This weekend, I finally took tangible steps to phase out my aging Nissan Sentra, and look for a newer (about 5-6 yrs old) car. The Sentra now has 200k miles, and is a 1995 model. Phew. Still gives me absolutely no major problem, but it is time now.
One of the better places to look for used vehicles on the web is Craigslist (or at least has been known as one of the better places). It does have a couple of issues – like not able to search by mileage, and since the search feature works only on Keywords, it is not easy to search for a model (say you search for a Civic, then even a car advertised as “better than a civic” will show up). This is simply because CL does not have a specialized model for cars, it is simply a generic ad posting website. On the plus side though, you can bookmark full URLs, such as: http://washingtondc.craigslist.org/search/cto/mld?maxAsk=10000&minAsk=5000&query=sentra which searches for all Sentras between 5000$ and 10,000$ located in Maryland.
So, how has the used car dealership changed due to the internet boom, and what are its future prospects? The car dealership was established to fill two main needs. Firstly, it serves as a collection point for many cars – sellers can trade in their vehicles, and buyers can buy those cars. Thus, it was much easier before the Internet era to match up buyers and sellers by inserting the dealership as the middle layer. Secondly, the dealer could review the cars, and provide some sort of soft guarantee that the car being sold is not a lemon. The dealer’s reputation hinges on the performance of the vehicles it sells, so it is not usually in dealer’s interest to sell bad cars (though, it is entirely in dealer’s interest to charge another 500$ as some “fees”, as people rarely remember that a few weeks after the transaction).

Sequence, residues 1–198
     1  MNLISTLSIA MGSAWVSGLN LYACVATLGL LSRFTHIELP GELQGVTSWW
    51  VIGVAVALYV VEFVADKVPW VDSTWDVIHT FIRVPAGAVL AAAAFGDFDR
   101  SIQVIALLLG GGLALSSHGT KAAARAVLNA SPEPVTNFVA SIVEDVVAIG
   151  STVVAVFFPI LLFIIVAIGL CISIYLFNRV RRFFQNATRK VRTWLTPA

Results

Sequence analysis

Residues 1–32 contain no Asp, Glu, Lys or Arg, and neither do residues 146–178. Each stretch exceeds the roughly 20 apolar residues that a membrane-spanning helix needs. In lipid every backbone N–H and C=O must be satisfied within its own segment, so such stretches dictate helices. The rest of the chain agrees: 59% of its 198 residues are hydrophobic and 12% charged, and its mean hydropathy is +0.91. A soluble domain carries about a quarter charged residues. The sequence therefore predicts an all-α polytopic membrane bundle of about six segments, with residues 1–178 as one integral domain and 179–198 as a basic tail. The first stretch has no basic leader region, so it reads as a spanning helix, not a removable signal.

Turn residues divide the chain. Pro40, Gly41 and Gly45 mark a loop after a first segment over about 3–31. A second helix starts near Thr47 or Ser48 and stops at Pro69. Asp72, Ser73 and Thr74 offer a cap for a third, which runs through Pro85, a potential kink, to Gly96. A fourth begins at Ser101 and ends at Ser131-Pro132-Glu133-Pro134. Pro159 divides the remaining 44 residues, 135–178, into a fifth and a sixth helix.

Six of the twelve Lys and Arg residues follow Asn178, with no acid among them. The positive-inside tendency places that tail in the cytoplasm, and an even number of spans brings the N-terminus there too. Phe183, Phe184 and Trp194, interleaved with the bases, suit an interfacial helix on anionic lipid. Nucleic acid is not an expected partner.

With the advent of the web, the first need has gone away to a large extent, and if it hasn’t gone away entirely, with adequate web sites and web applications, that really should go away. People should be able to go to a central website (such as CL), and sell and buy cars. The second need still remains as customers are extremely cautious before buying from other customers. Though in this regard, the customers have started bringing their own mechanic and using vehicle history reports (which mean so little or not at all by the way).
So, all factors considering, what is really happening – are used car dealerships going bust, or they actually growing? I will look at some statistics to answer that. But until I get down to doing that, I am going to take a “wild guess” that the used car dealerships are still growing and will grow, until the web applications can really make it much much more user friendly for people to find cars, and vehicle history reports can start meaning something more.